The Dixie Chicks have returned with their first new music in 14 years, dropping the bold “Gaslighter” today (March 4).
Standing as a searing commentary on society’s long history of treating women as second class citizens — and dovetailing smoothly into the ongoing Me Too/Times Up movement — the tough-talking track marks the first taste of the iconic trio’s upcoming comeback album, which will reportedly also be titled Gaslighter. The band’s classic three-part harmony and a bright, nostalgic ’90s sound dominate the mix, with front woman Natalie Maines’ voice proving to be just as evocative as ever.
Writing on social media recently, Maines explained the track was inspired by witnessing former Hollywood mogul and convicted sexual predator Harvey Weinstein “berate” the two female directors of the group’s documentary Shut Up and Sing in 2005. “I sat there in stunned silence,” she wrote. “It’s something I’ll always regret and will never repeat.”
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In 2005 I witnessed Harvey Weinstein aggressively berate the two female directors of our documentary Shut Up And Sing. I sat there in stunned silence. It’s something I’ll always regret and will never repeat. This video is the result of @ceciliapeck going home after that meeting and telling her husband about it. The conversation inspired their 5yr old daughter to say this. @ondinepeck @ceciliapeck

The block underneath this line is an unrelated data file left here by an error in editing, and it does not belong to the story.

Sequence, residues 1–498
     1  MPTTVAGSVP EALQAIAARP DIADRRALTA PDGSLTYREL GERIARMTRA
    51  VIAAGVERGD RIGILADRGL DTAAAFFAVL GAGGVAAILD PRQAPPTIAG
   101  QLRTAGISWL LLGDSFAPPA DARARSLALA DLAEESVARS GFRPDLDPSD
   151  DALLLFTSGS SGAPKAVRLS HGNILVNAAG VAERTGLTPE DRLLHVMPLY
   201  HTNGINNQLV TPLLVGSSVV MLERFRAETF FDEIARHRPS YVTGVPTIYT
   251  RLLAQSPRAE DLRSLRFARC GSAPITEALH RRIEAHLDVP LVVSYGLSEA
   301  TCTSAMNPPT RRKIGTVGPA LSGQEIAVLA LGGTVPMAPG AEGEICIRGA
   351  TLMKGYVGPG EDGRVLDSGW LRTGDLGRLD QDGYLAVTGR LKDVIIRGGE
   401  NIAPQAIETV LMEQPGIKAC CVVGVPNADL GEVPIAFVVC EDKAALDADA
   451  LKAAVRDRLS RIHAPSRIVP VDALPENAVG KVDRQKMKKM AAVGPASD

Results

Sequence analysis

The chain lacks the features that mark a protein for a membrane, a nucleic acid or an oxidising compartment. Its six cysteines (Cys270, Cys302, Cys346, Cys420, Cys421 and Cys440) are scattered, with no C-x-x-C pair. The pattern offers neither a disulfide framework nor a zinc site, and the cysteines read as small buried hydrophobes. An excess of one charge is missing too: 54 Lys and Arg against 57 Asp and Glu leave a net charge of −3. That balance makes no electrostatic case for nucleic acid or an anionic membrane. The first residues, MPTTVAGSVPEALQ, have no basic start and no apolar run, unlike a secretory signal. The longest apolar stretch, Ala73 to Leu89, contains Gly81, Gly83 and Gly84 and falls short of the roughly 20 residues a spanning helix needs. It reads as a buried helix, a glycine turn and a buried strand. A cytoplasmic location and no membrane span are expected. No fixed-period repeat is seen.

“Gaslighter, denier / Doin’ anything to get your ass farther / Gaslight, big timer / Repeating all of the mistakes of your father / Gaslighter, you broke me / You’re sorry, but where’s my apology? / Gaslighter, you liar,” goes the chorus.
Meanwhile, the trio opened up further about their new song, working with pop producer Jack Antanoff and more on Apple Music’s New Music Daily with Zane Lowe.
“It was the first song we wrote with Jack Antonoff,” Emily Robison says of “Gaslighter.” “At the time, we thought we thought we were gonna write with a bunch of different people and get different producers, and we wrote with him and we’re like, ‘He needs to produce it and this needs to be the sound for this album,’ ’cause … he blew us away.”
Saying a big part of the reason they took a recording hiatus was to be with their kids, the women now feel ready to return. In fact, they jokingly figure their families might actually benefit from some time apart.
“Our nine kids collectively are why we paused for so long,” says Martie McGuire, laughing as she continues. “I’m finding out that teenagers are a lot harder than babies.”
“Babies pull you off the road, teenagers push you back on,” says Maines to another round of chuckles. The trio also hint about a track titled “Julianna Calm Down” (named for Robison’s daughter), and how getting back onstage for a reunion tour rekindled their old musical magic. “I think the tour in 2016 really kind of solidified our want to do this again,” Robison says.
Gaslighter will mark the follow up to The Dixie Chicks’ 2006 LP, Taking the Long Way. There’s no word on the new album’s release date yet.